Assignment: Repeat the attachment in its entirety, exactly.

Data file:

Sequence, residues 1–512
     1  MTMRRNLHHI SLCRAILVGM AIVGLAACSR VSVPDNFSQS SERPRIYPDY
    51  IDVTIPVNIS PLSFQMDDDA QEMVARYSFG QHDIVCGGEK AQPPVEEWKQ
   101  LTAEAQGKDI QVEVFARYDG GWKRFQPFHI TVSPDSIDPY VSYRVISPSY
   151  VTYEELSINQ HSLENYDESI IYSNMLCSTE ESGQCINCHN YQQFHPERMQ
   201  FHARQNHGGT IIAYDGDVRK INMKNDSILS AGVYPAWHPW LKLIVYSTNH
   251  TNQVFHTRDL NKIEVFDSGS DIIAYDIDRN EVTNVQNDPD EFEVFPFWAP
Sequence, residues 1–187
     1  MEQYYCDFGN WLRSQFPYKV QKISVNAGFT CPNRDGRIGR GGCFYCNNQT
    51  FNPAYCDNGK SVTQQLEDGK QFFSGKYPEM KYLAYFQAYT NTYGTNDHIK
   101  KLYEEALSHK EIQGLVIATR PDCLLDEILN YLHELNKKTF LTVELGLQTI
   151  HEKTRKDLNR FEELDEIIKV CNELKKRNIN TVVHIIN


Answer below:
Sequence, residues 1–512
     1  MTMRRNLHHI SLCRAILVGM AIVGLAACSR VSVPDNFSQS SERPRIYPDY
    51  IDVTIPVNIS PLSFQMDDDA QEMVARYSFG QHDIVCGGEK AQPPVEEWKQ
   101  LTAEAQGKDI QVEVFARYDG GWKRFQPFHI TVSPDSIDPY VSYRVISPSY
   151  VTYEELSINQ HSLENYDESI IYSNMLCSTE ESGQCINCHN YQQFHPERMQ
   201  FHARQNHGGT IIAYDGDVRK INMKNDSILS AGVYPAWHPW LKLIVYSTNH
   251  TNQVFHTRDL NKIEVFDSGS DIIAYDIDRN EVTNVQNDPD EFEVFPFWAP
Sequence, residues 1–187
     1  MEQYYCDFGN WLRSQFPYKV QKISVNAGFT CPNRDGRIGR GGCFYCNNQT
    51  FNPAYCDNGK SVTQQLEDGK QFFSGKYPEM KYLAYFQAYT NTYGTNDHIK
   101  KLYEEALSHK EIQGLVIATR PDCLLDEILN YLHELNKKTF LTVELGLQTI
   151  HEKTRKDLNR FEELDEIIKV CNELKKRNIN TVVHIIN